Picture of people bringing aboard a buoy.The outer limits of SMS research shift frequently based on research results and new research approaches both at SMS and in other marine institutions worldwide. Collaborations also form and shift. At any one moment, an SMS investigator may be helping a terrestrial or freshwater researcher in Maine or Chile because of a recent advance in methodology. In the next month that flow of expertise might be reversed or moved to China. Where advances will take place is less predictable than that they will be exploited more broadly than one person could imagine. The best way to gain an appreciation for these outer limits is to visit individual SMS web pages.

Core research areas shift more slowly and central issues are therefore more easily plumbed. Marine biologists ask fundamental questions about how individual organisms and their physiologies and organ systems operate. Issues include sensory biology, reproduction, toxicity and basic ecology. Biological oceanographers put these organisms into the context of physical, chemical and geological processes. Physical, chemical and geological oceanographers develop understanding of processes that move mass and momentum and that transform its liquid, solid, granular and multiphasic forms and chemistries.

To give a few, non-exhaustive ideas of marine areas in which UMaine has particular concentrations of faculty, we describe some research clusters (please see the menu on the left).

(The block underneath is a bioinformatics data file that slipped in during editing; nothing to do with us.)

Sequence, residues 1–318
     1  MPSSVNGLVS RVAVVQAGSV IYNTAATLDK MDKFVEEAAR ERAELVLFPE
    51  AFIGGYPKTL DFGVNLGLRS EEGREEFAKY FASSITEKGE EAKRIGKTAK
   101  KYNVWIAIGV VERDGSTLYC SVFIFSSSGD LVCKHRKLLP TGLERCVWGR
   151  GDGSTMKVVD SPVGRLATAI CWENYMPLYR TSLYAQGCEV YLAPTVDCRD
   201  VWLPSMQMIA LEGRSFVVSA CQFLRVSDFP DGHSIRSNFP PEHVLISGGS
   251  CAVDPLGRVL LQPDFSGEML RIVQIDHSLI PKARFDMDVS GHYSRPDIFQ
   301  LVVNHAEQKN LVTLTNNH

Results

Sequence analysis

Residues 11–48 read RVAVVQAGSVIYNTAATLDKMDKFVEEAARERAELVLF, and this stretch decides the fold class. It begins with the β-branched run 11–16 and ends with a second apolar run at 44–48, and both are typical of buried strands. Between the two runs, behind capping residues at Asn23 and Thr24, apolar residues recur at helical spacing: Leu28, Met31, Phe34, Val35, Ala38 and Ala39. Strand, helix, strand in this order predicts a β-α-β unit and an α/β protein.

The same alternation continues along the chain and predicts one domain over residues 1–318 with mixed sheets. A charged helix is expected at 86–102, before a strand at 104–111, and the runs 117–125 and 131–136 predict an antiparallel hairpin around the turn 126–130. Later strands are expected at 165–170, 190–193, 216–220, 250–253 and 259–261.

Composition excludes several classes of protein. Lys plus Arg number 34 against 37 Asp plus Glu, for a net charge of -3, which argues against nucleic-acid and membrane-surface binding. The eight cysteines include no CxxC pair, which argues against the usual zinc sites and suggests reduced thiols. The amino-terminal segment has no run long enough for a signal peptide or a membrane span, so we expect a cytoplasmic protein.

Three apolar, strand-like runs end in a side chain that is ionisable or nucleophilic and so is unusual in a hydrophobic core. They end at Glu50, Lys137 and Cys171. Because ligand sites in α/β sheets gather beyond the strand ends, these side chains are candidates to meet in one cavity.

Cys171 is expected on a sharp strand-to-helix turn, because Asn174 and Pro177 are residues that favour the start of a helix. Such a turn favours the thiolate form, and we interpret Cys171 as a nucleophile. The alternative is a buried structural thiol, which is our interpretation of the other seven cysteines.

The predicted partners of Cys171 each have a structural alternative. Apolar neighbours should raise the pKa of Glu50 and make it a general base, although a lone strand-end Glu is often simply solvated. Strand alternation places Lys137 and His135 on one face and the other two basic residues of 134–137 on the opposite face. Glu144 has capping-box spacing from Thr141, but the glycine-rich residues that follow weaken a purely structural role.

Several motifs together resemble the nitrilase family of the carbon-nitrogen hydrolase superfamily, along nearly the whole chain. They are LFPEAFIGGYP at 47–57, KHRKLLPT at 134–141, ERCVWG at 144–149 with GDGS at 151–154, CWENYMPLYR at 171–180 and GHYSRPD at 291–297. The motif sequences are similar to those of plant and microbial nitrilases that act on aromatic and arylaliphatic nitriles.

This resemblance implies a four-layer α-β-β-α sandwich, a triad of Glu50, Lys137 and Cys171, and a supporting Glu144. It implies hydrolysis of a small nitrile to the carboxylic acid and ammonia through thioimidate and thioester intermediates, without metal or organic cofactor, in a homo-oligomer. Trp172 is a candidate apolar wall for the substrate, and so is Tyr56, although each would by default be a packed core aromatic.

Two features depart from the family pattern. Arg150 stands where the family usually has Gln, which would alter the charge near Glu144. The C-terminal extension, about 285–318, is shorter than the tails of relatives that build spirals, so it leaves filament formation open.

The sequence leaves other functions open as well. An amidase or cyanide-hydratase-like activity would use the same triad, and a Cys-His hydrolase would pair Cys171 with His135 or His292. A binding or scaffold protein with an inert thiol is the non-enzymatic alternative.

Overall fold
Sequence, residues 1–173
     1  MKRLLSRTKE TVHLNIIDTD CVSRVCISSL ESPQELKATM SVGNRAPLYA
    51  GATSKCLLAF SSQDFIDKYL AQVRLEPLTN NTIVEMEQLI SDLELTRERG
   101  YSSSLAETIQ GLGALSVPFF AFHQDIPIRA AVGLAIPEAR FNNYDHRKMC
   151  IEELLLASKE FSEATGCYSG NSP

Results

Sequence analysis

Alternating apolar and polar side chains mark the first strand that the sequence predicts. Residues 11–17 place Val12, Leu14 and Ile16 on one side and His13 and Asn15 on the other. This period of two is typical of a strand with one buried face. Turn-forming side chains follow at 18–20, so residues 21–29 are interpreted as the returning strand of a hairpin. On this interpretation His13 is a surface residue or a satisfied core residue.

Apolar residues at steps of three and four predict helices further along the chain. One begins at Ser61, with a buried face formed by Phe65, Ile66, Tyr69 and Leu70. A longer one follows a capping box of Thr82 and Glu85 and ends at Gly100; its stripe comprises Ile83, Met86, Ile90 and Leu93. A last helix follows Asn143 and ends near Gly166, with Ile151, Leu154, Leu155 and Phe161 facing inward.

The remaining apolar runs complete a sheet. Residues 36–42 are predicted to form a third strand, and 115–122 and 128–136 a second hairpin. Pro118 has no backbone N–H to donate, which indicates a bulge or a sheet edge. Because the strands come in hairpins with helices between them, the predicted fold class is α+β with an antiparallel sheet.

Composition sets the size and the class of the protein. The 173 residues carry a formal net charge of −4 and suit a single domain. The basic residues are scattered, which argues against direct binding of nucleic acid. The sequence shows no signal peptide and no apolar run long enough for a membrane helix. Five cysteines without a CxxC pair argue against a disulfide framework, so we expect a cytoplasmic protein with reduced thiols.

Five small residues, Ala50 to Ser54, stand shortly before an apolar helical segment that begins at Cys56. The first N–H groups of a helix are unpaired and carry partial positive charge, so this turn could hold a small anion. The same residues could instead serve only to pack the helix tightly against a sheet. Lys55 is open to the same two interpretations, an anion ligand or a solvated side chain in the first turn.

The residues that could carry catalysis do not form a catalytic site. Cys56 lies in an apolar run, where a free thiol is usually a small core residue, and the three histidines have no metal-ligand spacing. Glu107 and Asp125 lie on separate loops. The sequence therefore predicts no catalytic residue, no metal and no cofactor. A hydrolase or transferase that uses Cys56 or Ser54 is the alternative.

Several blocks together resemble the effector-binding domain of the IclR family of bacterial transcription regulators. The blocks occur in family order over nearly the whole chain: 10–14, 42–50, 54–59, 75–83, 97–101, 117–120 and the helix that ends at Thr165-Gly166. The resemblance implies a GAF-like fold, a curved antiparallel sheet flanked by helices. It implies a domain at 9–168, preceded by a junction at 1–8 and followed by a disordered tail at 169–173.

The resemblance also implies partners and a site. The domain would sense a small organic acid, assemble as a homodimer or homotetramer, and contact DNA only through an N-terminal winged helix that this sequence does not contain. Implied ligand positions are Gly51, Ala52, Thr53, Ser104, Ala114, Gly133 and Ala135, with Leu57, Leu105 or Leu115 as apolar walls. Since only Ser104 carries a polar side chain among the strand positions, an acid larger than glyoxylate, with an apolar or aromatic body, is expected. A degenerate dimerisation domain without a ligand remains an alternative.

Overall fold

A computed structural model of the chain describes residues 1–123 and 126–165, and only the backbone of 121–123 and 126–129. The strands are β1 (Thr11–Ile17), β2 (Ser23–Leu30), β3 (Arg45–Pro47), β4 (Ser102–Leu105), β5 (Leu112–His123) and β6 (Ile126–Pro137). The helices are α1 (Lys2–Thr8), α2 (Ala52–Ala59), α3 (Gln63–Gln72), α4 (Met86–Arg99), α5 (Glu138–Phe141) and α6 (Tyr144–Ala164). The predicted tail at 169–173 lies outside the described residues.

A great benefit of working in a moderately sized or large marine program is that both principal investigators and students gain exponentially from strong interactions within clusters of faculty, postdocs, staff and students who have related research interests. At about 30 faculty, the School of Marine Sciences is one of the largest marine units in the country. Clusters provide ideal sources of graduate supervisory committees. The existence of a nucleus of faculty with overlapping research interests is in fact among the best criteria for choosing one graduate school over another. Furthermore, at the advanced graduate level, distinctions between research and teaching blur as students, postdocs, staff and faculty push the limits of existing knowledge. Many members of the clusters listed here co-teach courses that take advantage of their common interests. Although many pairs and larger groupings of faculty within clusters do actively collaborate, we do not wish to create the impression that all investigators within a cluster actively collaborate on specific projects at the present time. Two modes of cluster use by students complement one another. Students can fit into an existing cluster of collaborating faculty, adding faculty from other departments, or they can build new clusters in their supervisory committees. Marine sciences are highly interdisciplinary, and novel combinations in new directions often appear first in the form of Ph.D. projects that build between two formerly separate skills or fields. Visit the complete faculty list and make your own clusters.